• Planning the Future by Re-Visioning the Past: Urban Highway Challenges | SNEAPA 2013
  •       Located in Jamaica Plain 1950’s highway viaduct Formerly part of the route southeast out of Boston Formerly crossed two elevated rail lines Originally slated for deck replacement Determined to be in need of full replacement Planning the Future by Re-Visioning the Past: Urban Highway Challenges
  • Abutting Residential area Casey Overpass Abutting Residential area Arnold Arboretum Franklin Park Forest Hills Station: Orange Line, bus hub & Commuter Rail Abutting Residential area Abutting Residential area Forest Hills Cemetery Planning the Future by Re-Visioning the Past: Urban Highway Challenges
  •    Spring 2011-Sping 2012 “Unique opportunity” seen by DOT Launched WAG to: o Set broad goals o Work through details o Advise DOT with local knowledge   Alternating schedule of WAG and public meetings Significant impassioned debate and controversy Planning the Future by Re-Visioning the Past: Urban Highway Challenges
  •   Fall 2011: traffic is not a deciding factor between atgrade and bridge options. At-grade decision made based on: o Original goals set by WAG. o Ability to achieve more bicycle, pedestrian and transit improvements without a bridge. o Mapping of comments received graphically demonstrated local preference. Planning the Future by Re-Visioning the Past: Urban Highway Challenges
  •  
  • Planning the Future by Re-Visioning the Past: Urban Highway Challenges
  •  Keys to success: o Documentation o Flexibility o Memory of the project combined with local knowledge o Work with local media o Don’t stereotype stakeholders – take each as an individual  Status: o Continuing outreach on specific issues • Changes to improve community/project fit ongoing. o 100% Design Submitted o Expected bid in October, 2013 o Projected construction for spring 2014 Planning the Future by Re-Visioning the Past: Urban Highway Challenges
  •  Public involvement worked because it was integrated: o A full seat at the table o A must, not a “nice to have”  Work with local media carefully: o Don’t be afraid, do respond promptly o Make sure the message is consistent o Help build the project’s narrative  Detailed documentation is important: o Show community influence on the job o Counters the charge of insufficient outreach   Be ready to try something new “We’re all friends until we make a decision.” Planning the Future by Re-Visioning the Past: Urban Highway Challenges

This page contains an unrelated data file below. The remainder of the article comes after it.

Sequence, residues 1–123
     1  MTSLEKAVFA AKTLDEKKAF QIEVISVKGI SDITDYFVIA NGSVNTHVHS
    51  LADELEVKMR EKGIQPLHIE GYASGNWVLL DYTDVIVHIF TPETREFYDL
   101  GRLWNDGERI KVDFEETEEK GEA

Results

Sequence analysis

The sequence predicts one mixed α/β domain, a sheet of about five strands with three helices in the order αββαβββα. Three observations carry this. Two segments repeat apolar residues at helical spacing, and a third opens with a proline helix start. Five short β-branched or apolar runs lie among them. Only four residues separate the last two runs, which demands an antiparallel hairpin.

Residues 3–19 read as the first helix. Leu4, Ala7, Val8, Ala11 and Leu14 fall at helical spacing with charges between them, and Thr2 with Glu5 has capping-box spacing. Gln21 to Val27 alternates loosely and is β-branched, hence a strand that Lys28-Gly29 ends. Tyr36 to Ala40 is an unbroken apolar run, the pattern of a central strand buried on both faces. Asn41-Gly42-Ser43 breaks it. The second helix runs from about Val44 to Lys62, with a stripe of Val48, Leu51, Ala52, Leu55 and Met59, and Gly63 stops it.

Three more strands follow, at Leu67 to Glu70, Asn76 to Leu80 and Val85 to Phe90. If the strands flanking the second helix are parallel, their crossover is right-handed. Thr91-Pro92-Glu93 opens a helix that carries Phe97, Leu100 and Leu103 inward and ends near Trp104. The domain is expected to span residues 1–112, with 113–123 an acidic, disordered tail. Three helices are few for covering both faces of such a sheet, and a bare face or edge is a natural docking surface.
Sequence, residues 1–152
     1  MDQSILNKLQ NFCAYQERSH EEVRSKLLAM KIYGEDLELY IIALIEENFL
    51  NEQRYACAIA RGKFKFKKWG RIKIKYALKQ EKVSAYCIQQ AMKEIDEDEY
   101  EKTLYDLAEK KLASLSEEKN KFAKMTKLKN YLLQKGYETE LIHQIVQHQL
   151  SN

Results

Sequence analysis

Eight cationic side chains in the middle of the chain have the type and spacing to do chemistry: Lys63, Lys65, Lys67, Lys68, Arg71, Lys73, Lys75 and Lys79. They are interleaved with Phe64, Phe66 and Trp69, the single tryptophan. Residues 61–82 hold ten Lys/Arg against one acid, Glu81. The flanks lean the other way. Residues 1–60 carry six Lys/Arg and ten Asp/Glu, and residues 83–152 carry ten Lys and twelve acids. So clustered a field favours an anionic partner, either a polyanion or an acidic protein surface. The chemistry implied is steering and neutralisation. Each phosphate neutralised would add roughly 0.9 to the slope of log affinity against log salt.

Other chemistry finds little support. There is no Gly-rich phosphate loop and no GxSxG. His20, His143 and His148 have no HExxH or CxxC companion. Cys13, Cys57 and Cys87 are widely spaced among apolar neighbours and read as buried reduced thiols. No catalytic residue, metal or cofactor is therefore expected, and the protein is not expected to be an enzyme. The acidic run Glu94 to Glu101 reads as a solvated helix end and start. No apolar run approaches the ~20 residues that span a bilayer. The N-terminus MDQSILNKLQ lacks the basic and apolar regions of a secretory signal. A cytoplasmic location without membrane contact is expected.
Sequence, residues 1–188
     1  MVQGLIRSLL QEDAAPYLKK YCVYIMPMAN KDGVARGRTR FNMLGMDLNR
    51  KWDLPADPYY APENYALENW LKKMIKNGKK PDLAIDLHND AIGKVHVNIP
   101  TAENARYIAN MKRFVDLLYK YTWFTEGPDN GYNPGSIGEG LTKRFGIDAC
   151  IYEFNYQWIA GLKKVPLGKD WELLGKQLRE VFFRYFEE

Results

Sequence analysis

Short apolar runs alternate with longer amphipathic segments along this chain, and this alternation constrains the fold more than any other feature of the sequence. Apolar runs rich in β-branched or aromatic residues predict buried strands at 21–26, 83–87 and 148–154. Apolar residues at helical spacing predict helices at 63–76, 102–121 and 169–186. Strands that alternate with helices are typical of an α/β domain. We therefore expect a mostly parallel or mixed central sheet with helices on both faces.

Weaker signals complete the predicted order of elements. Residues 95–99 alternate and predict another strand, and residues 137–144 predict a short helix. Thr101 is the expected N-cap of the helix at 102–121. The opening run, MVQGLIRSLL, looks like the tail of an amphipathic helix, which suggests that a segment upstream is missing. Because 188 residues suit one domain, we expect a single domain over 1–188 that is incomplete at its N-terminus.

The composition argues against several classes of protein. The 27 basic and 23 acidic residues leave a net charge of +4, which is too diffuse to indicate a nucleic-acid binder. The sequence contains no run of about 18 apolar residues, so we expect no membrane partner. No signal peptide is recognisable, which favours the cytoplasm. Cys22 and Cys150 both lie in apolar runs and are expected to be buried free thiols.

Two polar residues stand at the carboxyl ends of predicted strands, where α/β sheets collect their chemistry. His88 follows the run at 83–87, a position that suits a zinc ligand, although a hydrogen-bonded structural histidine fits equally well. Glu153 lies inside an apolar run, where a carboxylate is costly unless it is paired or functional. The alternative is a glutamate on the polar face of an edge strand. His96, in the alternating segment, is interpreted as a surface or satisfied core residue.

• Viaduct is 50 years old  Poor condition overall  Currently 80% of project is elevated (30 acres)  Maintenance costs are very high 
  •   Busiest stretch of highway in Connecticut • 55,000 vehicles/day (1975) • 175,000 vehicles/day (2013) Travel delays due to… • Congestion • Accidents • Maintenance
  •  Obsolete design o Many on & off ramps • Some left-hand ramps • Close spacing • Merging & weaving  Frequent accidents o Average of 1 daily
  •    Economic development Neighborhood connectivity Enhanced mobility o Bicycle o Pedestrian o Transit o Vehicular  Synergies with other regional, state, and local projects
  • New BritainHartford Busway Amtrak Next Gen HSR New HavenHartfordSpringfield Rail Project City of Hartford TOD Initiatives MDC Clean Water Project Integrated Transportation Management Plan Local Streetscape Projects CT DOT Congestion Mitigation Study Union Station Planning Study Northwest Corridor Study City of Hartford’s Signal System Upgrade City of Hartford’s Downtown Traffic and Circulation Planning the Future by Re-Visioning the Study Past: Urban Highway Challenges
  •    Very high traffic demand Densely built urban environment Railroad tracks pass beneath viaduct Existing Ground Park River Conduit
  •    Utilities co-located in corridor Busway under construction in corridor Local street network threatened
  • 46
  • Planning the Future by Re-Visioning the Past: Urban Highway Challenges Planning the Future by Re-Visioning the Past: Urban Highway Challenges
  • Public Involvement
  • To engage many… To actively solicit input using many methods… To use this input in the development of win-win solutions…
  •        Stakeholder interviews PAC Website – www.I84Hartford.com Social media (Facebook, Twitter) Newsletters E-bulletins Public meetings
  •    The work is just beginning Alternatives analysis and NEPA are next milestones Long-term project Next update…. ..coming soon to a conference near you!
  • Questions??? Comments??? Planning the Future by Re-Visioning the Past: Urban Highway Challenges | SNEAPA 2013